Difficulty: Easy-moderate. The 0.9-mile Kebo Mountain Trail travels along the ridge of Kebo Mountain, north to south, over rocky terrain. For the most part, the slope of the ridge is gradual, with just a few steep steps along the way. The hiking trails leading to Kebo Mountain Trail are easy, smooth and travel over relatively flat terrain. The total hike length varies from 1.2 mile to 3 miles, depending on where you park your vehicle and the route you choose to take.
Cross onto Mount Desert Island on Route 3 and veer left, staying on Route 3 and driving toward Bar Harbor. Drive about 10 miles and you’ll come to an intersection with Eagle Lake Road.
If it’s May-October, turn right onto Eagle Lake Road and drive 1.1 mile, then veer right to enter the park at the Cadillac Mountain Entrance. Turn left onto a park road and drive about 0.9 mile and park in the Gorge Path parking area (on your right). Start the hike on the Gorge Path, which you can follow north to Kebo Brook Trail or south to Hemlock Trail. Both trails lead to the Kebo Mountain Trail.
November-April, this section of the Park Loop Road is closed. During that time, one option is to park on the side of Kebo Street (also known as Harden Farm Road) off Eagle Lake Road in Bar Harbor. From there, you can pick up the Kebo Brook Trail on the north end of the cemetery and hike 0.3 mile to Kebo Mountain Trail.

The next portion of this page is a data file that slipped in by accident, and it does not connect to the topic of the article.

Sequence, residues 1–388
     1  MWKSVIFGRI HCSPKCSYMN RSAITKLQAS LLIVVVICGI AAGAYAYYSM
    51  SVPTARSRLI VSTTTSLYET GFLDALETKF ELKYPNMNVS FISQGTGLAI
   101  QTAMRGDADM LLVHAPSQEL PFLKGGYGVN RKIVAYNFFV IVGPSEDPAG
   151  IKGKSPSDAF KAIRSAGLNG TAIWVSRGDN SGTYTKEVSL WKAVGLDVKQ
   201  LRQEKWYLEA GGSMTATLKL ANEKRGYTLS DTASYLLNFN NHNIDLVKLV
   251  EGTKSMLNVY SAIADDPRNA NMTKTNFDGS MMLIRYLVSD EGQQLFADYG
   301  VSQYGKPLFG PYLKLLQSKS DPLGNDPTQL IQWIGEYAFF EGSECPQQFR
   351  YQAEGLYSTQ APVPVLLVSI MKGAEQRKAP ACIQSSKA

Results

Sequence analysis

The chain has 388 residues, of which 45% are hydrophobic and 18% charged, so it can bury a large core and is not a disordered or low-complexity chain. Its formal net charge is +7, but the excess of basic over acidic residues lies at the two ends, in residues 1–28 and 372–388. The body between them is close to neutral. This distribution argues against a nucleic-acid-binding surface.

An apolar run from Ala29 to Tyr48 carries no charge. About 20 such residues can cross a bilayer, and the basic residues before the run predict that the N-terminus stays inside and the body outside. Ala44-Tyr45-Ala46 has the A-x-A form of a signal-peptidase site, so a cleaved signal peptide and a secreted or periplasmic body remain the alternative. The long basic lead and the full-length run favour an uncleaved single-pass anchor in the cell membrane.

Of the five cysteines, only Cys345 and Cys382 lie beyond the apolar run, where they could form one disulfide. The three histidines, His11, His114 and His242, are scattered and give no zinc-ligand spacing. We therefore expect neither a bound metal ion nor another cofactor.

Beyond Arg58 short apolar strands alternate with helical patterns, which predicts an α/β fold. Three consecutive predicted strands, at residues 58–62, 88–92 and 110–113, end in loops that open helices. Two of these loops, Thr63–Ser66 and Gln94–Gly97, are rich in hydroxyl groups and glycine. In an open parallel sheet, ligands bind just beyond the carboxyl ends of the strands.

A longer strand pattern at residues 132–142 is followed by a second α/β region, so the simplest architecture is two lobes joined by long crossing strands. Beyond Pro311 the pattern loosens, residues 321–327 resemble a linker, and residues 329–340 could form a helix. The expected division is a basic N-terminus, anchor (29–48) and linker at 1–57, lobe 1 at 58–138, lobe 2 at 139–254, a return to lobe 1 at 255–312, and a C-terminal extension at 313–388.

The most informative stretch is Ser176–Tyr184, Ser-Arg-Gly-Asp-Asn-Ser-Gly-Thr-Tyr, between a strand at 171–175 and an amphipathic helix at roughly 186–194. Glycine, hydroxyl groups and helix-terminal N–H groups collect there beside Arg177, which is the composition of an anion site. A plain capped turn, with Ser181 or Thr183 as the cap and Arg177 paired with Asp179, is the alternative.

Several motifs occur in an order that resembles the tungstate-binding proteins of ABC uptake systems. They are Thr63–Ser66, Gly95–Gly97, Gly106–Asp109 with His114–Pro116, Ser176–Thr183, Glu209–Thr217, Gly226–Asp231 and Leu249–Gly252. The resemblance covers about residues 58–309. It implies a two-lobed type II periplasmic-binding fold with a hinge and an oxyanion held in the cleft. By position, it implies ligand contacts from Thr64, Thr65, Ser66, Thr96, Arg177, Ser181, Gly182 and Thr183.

You can also park at the Wild Acadia Gardens near Sieur de Monts Spring and hike to Kebo Mountain Trail on the Hemlock Trail.
Information: Rising 407 feet above sea level, Kebo Mountain is one of the shortest named peaks in Acadia National Park that can be explored by public hiking trail. Located just outside downtown Bar Harbor, the small mountain is easy to find and offers a relatively quiet hike compared to other, more popular mountains in the park.
Only one trail will bring you to the summit of Kebo Mountain. The 0.9-mile Kebo Mountain Trail travels up and over the mountain, tracing its ridge from north to south and passing over the summit, which is marked with a wooden sign set in a pile of rocks.
The Kebo Mountain Trail does not have a trailhead at a parking lot. It must be reached by hiking a short distance on either the Kebo Brook Trail or the Hemlock Trail. The distance varies from 0.3 mile to 0.6 mile, depending on where you choose to park.
If you start on the Kebo Brook Trail, you’ll walk through a mixed forest including many oak trees, as well as hemlock trees, yellow and white birch trees and the occasional spruce tree. The Kebo Brook Trail is surfaced with gravel and travels over fairly even terrain. It will lead you to the north end of Kebo Mountain Trail, which leads up a set of granite steps, crosses over the Park Loop Road and quickly ascends the mountain.
As the Kebo Mountain Trail climbs the mountain’s north slope, the forest quickly transitions to a forest of short, twisted jack pines. The trail travels over exposed granite bedrock and an orange forest floor of dead pine needles. To the sides of the trail are some delicate beds of lichens and mosses.
The trail is marked by blue blazes painted on tree trunks, and in just 0.3 miles reaches the mountain’s summit, which is forested.